Isaac Robert Cruikshank (1789-1856). "By St. Peter this is no Sham - or - a New Cut for the Groom of the Stool."
London: G. Humphrey, April 1821. Hand colored engraving. 14 3/4 x 10 3/4 (sheet). Light soiling, some chipping and loss of margin, especially at bottom right margin. Fair condition.
Like his brother George, Isaac Robert Cruikshank learned his trade from his father, Isaac. Originally setting himself up as a portrait and miniature painter, he later returned to printmaking, often collaborating with George. In 1830, he left caricature work to focus on book illustration.
In 1810, James Wedderburn-Webster (1788-1840) had married Lady Frances Caroline Annesley (1793-1837) who reputedly flirted - or more than flirted - with men ranging from Lord Byron to the Duke of Wellington. Major-General Charles Stanhope, 4th Earl of Harrington (1780 - 1851), styled Viscount Petersham until succeeding the 3rd Earl in 1829, was an English peer and man of fashion. The Prince Regent, later George IV, was highly impressed with Petersham, emulating his dress, his tea-drinking and his use of snuff. Worthy of note here is that Petersham had a collection of 365 snuff boxes, using a different one each day! Oftentimes, comments were made that Petersham looked Jewish.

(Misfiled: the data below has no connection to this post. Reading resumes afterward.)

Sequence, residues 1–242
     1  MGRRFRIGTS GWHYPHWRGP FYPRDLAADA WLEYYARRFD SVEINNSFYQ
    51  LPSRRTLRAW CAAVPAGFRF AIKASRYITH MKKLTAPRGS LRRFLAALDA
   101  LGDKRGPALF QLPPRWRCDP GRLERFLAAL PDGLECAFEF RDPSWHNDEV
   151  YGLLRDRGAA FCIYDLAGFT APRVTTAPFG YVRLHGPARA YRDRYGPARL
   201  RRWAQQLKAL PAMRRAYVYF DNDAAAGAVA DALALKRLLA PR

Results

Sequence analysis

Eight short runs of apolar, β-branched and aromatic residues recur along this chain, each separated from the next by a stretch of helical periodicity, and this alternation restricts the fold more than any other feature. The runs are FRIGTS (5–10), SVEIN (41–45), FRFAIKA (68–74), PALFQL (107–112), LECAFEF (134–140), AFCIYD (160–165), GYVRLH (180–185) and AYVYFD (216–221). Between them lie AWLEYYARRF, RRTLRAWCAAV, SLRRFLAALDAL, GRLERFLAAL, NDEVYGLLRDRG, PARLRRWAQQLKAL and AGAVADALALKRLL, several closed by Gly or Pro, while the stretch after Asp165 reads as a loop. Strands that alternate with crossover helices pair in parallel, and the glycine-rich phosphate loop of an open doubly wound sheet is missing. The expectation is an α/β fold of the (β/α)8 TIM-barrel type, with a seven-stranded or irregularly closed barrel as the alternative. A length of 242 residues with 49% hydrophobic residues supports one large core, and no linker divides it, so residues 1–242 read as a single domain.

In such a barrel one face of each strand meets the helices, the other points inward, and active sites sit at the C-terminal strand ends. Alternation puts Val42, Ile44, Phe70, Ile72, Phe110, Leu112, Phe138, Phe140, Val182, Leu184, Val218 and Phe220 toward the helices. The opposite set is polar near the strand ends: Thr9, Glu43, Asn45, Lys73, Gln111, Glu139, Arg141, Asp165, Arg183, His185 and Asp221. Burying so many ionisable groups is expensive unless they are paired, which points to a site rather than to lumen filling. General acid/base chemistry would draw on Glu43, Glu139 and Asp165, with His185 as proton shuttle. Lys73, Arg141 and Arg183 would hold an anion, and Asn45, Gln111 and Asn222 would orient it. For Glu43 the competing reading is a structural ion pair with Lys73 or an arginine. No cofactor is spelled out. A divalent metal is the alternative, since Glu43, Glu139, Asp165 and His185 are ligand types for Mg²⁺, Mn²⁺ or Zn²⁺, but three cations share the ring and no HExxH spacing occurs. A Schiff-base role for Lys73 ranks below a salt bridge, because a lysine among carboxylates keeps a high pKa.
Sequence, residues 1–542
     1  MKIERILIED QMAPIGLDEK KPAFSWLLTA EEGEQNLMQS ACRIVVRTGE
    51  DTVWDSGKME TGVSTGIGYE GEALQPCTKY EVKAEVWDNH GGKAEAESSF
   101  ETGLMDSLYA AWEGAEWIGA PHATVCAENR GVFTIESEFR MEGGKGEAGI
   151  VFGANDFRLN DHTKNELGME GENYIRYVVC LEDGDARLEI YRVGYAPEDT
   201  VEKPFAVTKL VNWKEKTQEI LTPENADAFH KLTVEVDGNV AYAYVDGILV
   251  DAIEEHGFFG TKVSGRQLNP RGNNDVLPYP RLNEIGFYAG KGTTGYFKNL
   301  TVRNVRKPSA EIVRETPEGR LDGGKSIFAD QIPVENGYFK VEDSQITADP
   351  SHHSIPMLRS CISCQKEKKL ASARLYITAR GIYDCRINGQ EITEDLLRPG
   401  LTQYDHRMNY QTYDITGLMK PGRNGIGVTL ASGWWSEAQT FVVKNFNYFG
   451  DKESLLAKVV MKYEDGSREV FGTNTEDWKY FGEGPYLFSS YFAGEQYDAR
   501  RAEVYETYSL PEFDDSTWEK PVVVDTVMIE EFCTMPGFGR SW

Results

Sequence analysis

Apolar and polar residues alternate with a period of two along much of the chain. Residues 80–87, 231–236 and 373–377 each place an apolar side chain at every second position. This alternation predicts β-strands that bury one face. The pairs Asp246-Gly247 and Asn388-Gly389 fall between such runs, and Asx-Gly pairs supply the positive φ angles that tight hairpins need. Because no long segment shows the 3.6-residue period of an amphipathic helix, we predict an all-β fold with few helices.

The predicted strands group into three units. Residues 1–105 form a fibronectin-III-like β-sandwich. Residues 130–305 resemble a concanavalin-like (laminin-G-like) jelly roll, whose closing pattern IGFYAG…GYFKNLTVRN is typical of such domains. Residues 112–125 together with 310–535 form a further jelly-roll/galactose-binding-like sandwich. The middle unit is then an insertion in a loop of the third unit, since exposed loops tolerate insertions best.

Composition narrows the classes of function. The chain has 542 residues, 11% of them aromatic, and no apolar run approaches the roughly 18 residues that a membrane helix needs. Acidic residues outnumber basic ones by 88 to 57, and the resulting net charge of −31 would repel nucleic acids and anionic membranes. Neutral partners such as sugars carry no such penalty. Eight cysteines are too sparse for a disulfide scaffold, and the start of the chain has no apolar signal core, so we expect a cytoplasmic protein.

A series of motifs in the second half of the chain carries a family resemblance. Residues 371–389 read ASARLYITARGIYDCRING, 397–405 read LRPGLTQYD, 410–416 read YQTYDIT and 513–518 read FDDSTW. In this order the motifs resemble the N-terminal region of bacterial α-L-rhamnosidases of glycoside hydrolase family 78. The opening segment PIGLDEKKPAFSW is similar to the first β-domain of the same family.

From 1812 until 1820 Petersham served as a Gentleman of the Bedchamber, first for George III then for George IV. The origin of the position in Tudor times was "Groom of the Stool" which means exactly what it sounds like: assisting Henry VIII at the toilet, helping him disrobe, watching over what he "passed" for signs of illness, and eventually controlling access to the King in his personal chambers. By the Stuart era the position emphasized the disrobing/robing function and was known as "Groom of the Stole," which position was held by the first among the several "Gentlemen of the Bedchamber" who took turns in personal attendance to the monarch. By Hanoverian times this had become a position of honor (and payment).
Petersham was infamous for his attentions to any and every lady he found attractive, and this print caricatures an incident that took place when Wedderburn-Webster became outraged by Petersham's flirtations with Lady Frances. In St. James's Street the outraged husband accosted the roué and applied a whipping with a whip, as shown here, or perhaps a cane. This would lead to a farcical "duel" wherein neither was injured, leading to a reconciliation.
Other caricatures by Cruikshank father and sons: